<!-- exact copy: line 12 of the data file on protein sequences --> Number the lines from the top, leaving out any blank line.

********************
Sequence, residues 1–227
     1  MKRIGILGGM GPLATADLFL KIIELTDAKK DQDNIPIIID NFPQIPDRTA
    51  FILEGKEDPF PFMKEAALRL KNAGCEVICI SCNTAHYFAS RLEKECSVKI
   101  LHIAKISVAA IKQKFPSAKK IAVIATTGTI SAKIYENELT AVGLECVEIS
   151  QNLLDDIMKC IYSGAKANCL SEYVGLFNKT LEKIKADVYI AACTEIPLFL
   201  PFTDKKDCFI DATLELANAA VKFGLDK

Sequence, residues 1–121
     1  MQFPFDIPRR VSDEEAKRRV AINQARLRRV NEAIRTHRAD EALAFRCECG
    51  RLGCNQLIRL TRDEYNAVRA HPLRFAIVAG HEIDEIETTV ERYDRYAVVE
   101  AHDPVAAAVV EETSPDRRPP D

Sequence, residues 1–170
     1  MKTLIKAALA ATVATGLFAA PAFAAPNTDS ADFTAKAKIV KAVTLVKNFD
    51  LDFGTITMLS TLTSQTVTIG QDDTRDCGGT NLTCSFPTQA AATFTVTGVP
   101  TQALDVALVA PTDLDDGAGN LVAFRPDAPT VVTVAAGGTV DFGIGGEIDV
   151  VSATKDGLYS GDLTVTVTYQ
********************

     1  MKTLIKAALA ATVATGLFAA PAFAAPNTDS ADFTAKAKIV KAVTLVKNFD